Always that fear

Posted by Hogne Ulla on 05-Jul-2018 17:01:54

Absence epilepsy affects everyday life on every level. Though many of us try to meet it with optimism, there is always that fear and anxiety. You make the most of every day, but never without precautions and a solid portion of routines. Below you can read how some parents approach the uncertainty that comes with absence seizures. 

You cannot be careful enough

Mobile phone at your fingertips

For Sigrid's son, Casper, the diagnosis came 4 years ago: absence epilepsy. Casper was three years old at that time. Sigrid's life has since been dominated by unpredictability of seizures. "My mobile phone is always at my fingertips in case Casper has a seizure and I’m not there. When I go out with Casper, I always check whether I have his emergency medication with me, to stop the seizures if needed,” Sigrid testifies. "If I would spend some time for myself or go out with friends, my husband usually stays at home. Anyhow, I will never be far away, neither stay away long." Which sort of precautions do you take?

Babysit Grandma

It also influences the social life of many parents. "In the beginning, I no longer had a social life," says Kris, Stef's dad. "You do not trust anyone with your child. You want to be there yourself. Moreover, no one dared to take care of Stef for a long time due to the constant threat of seizures. And to be honest," Kris testifies, "I’m not sure whether I would dare it if Stef was not my son.” Fortunately Kris' parents live close by. Little by little, they learned how to deal with Stef's silent absence seizures. If Stef has a day off at school and Kris or his wife can’t stay home, grandma usually takes care of him. "Grandma, or another family member. In any case, someone who’s familiar with Stef and his condition," Kris continues. The same applies to your family?

Don’t go to the bakery alone


Especially the fact that Lander lacks a sense of space is a concern to his mother, Sandra. She experiences "traffic" as one of the most difficult situations in everyday life. ”Lander is ten years old now. You can’t always take him by the hand, like a toddler. But indeed, if he would suddenly have a seizure, you have no control at all.” Also Lander's grandparents fear to go out with Lander. They are very aware of the dangers that go with it. Indeed, it’s merely a month since Lander’s grandma could just grab him by the collar while Lander - struck by a seizure - crossed a busy intersection. "From that moment on, Lander must walk close to her. Closer than his younger brother and nephews. For Lander, that feels terrible. It is a bit embarrassing even. Moreover, unlike many classmates, Lander is not allowed to go to the bakery alone. Also that’s hard for him," Sandra shares. Do you share her concern?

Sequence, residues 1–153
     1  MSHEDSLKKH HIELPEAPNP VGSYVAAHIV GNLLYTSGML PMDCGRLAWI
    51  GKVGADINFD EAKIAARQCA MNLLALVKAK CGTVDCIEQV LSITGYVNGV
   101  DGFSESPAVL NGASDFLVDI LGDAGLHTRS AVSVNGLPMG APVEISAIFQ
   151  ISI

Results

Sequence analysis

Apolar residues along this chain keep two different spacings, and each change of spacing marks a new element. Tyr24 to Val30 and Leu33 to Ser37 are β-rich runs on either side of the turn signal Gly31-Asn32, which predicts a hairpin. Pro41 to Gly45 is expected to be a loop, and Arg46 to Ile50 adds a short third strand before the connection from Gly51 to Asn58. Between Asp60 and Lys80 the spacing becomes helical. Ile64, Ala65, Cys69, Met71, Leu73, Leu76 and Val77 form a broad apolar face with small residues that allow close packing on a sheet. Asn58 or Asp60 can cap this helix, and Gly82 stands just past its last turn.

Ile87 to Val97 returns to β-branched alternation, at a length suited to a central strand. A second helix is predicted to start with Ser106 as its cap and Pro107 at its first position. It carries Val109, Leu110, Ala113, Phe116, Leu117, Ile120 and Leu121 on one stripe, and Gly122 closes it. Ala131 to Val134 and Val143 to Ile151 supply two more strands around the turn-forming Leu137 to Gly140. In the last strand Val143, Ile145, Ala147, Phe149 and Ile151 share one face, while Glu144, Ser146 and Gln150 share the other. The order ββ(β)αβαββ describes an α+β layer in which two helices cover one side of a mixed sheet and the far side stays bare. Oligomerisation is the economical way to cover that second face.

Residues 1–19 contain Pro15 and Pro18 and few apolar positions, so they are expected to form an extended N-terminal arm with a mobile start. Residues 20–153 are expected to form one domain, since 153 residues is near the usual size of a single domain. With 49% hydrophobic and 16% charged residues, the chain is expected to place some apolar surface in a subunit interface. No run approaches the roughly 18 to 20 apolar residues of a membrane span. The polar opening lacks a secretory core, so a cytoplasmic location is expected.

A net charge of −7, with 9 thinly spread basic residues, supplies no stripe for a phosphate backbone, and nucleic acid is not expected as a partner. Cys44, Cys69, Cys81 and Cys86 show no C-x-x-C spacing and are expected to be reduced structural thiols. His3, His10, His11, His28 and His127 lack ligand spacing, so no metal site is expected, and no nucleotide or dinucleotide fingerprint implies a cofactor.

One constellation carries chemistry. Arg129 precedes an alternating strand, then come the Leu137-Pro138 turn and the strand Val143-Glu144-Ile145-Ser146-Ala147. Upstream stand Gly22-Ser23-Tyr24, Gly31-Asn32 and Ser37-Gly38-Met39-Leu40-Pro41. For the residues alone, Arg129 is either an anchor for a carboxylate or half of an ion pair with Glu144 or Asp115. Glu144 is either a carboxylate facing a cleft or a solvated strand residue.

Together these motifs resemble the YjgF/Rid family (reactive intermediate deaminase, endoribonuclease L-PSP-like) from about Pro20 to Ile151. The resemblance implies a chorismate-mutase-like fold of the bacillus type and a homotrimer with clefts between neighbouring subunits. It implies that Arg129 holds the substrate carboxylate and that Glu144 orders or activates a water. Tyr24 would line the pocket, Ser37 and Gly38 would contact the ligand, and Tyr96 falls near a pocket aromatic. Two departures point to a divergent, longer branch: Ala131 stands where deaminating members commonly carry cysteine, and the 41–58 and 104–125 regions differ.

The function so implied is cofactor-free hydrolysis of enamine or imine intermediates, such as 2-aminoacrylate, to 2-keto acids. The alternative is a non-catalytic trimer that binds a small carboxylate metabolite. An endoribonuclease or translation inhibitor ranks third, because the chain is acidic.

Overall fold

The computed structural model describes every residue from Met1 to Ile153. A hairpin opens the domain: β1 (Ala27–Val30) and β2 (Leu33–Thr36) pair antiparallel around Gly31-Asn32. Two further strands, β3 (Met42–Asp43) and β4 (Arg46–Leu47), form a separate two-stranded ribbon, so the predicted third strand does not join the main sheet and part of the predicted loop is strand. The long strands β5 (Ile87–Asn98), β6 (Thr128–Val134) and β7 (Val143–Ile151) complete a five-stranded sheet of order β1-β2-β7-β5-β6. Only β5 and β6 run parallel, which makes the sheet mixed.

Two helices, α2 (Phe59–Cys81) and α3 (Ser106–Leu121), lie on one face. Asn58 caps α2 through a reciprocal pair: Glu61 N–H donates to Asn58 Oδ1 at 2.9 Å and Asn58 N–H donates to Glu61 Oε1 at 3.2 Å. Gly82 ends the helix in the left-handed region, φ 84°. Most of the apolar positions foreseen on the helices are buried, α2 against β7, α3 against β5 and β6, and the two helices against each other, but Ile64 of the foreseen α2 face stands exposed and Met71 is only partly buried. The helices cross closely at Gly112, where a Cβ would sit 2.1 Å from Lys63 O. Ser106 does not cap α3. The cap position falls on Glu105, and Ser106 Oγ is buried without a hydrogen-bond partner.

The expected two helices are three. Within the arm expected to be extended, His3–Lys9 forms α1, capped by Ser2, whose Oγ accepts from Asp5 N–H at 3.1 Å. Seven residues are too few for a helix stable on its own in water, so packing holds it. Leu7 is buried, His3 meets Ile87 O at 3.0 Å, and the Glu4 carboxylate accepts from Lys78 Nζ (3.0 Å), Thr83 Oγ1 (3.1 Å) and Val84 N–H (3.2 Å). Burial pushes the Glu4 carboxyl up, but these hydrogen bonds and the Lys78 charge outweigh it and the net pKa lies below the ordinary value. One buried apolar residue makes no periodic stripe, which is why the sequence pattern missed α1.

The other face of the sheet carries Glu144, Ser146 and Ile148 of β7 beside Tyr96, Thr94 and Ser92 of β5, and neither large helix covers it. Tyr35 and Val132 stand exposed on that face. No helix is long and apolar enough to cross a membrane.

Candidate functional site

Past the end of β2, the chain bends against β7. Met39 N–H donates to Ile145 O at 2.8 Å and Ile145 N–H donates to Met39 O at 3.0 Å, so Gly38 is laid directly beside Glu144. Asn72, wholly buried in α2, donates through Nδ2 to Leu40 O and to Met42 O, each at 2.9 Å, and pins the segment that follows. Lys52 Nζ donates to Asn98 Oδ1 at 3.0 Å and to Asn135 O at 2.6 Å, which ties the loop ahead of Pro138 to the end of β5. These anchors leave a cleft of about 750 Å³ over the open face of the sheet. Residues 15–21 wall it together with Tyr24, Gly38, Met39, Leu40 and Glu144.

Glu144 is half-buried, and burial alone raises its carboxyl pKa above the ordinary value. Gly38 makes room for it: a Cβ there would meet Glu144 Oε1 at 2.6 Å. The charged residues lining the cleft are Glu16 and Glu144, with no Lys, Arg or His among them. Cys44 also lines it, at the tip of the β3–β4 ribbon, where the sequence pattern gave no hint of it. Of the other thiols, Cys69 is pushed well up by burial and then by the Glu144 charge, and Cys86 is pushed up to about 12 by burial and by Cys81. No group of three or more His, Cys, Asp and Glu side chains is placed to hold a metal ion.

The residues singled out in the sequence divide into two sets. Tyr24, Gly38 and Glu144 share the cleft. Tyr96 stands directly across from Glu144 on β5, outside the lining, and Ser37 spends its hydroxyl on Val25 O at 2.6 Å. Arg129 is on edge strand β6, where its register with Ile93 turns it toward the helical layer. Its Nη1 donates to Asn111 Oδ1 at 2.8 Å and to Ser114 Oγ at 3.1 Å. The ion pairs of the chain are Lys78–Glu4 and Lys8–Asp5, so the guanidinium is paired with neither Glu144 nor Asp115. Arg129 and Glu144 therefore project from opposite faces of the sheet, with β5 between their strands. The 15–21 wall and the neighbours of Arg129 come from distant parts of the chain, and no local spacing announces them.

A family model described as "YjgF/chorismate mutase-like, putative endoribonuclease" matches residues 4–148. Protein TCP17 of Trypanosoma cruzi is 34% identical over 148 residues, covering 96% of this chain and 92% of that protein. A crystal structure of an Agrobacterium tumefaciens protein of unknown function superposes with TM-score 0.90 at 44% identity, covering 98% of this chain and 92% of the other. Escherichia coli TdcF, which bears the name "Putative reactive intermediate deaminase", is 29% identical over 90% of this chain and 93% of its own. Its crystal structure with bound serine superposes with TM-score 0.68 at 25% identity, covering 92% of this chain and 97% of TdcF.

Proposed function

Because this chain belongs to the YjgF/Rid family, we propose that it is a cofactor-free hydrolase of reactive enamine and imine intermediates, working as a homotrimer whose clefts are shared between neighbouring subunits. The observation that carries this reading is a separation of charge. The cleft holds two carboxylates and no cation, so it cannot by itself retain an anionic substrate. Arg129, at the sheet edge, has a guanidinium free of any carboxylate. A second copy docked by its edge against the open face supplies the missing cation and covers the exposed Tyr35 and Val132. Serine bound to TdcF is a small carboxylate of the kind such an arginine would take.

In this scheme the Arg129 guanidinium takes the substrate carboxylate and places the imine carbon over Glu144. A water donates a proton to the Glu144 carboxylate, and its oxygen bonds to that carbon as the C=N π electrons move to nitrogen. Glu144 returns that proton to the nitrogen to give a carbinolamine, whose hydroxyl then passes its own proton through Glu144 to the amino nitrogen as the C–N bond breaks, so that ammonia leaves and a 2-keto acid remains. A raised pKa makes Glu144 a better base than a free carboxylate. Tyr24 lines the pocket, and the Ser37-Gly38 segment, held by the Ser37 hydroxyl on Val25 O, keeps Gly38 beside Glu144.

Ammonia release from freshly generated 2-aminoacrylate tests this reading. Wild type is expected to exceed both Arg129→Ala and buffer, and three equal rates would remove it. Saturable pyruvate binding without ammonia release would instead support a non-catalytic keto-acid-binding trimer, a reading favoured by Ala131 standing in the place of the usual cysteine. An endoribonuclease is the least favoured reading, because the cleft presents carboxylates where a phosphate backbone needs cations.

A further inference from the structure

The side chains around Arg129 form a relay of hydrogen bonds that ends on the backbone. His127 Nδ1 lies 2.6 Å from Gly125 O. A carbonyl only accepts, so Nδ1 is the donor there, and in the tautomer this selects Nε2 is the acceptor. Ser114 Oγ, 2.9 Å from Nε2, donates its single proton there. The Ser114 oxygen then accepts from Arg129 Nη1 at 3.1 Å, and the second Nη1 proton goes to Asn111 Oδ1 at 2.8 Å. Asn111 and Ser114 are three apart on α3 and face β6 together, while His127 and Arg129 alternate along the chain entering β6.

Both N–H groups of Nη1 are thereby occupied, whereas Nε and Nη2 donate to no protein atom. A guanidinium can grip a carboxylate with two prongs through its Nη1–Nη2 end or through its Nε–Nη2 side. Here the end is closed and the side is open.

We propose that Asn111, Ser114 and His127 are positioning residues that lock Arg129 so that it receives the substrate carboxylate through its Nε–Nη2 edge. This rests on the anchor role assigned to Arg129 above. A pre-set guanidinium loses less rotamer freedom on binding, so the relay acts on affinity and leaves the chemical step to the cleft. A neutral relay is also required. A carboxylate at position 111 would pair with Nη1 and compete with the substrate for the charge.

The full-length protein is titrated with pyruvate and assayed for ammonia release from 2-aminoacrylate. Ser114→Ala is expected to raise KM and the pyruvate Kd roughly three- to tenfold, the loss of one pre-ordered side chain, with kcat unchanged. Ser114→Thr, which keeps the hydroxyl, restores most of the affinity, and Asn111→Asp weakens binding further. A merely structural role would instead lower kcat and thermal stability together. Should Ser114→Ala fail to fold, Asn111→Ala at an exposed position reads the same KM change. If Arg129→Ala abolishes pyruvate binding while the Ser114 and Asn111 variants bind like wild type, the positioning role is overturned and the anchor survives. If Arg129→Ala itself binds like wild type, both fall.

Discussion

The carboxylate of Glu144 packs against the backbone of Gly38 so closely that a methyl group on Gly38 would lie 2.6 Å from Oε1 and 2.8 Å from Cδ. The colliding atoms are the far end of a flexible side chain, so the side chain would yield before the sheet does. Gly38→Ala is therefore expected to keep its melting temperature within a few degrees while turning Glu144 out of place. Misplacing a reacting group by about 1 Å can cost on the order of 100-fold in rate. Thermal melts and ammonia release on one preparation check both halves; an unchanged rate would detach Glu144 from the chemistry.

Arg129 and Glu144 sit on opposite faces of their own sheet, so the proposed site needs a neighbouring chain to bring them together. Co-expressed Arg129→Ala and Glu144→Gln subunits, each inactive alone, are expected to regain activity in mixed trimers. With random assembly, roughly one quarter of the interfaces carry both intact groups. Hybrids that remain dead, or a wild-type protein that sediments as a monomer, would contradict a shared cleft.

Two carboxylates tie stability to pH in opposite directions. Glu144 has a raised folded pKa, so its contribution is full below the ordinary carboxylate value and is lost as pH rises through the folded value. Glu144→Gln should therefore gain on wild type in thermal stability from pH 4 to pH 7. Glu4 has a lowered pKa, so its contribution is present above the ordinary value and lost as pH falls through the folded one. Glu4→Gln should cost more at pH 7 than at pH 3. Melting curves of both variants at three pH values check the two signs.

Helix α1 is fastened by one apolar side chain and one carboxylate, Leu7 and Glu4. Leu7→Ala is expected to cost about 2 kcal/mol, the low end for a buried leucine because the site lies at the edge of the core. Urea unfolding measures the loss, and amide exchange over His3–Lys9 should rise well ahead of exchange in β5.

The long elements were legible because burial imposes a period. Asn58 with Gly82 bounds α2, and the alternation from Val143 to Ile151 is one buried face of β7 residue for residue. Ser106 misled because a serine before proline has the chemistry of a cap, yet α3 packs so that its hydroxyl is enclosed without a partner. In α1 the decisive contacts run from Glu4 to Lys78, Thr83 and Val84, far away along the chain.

Do you recognize this?

How do you experience the continuous threat of absence seizures? How do you deal with similar concerns? Which sort of precautions do you take? Do you have a story like the one of Sigrid, Kris or Sandra, or do you want to share another experience? Whether you have (absence) epilepsy, or someone in your immediate environment: a parent, sister or brother, best friend or neighbor. Every story touching the topic "living with" absence epilepsy, and every experience, small or large, can be incredibly recognizable to others. Mail us these stories. We give them attention! No need to worry, your story can be as anonymous as you want.

Big thanks to the parents who already shared their story and hence, gave substance to this blog!


Why we do what we do

1 out of 3 people with epilepsy suffer from uncontrollable seizures despite medication. We believe digital technologies are able to create massive impact to the daily life of people with epilepsy. At Epihunter we create digital connected solutions to make epilepsy matter less at moments that matter most. Our first solution is for children with silent, difficult to notice absence seizures.

Let’s think together!

Are you a parent of a child with absence seizures? Let’s get in touch! Do you know other parents? Tell them about Epihunter. The more families we hear, the better! This way we learn about and understand their needs better so we create the right solutions for the right needs.

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Topics: absence, future, life questions, unsteady agenda, uncertainty, unpredictable, impact on family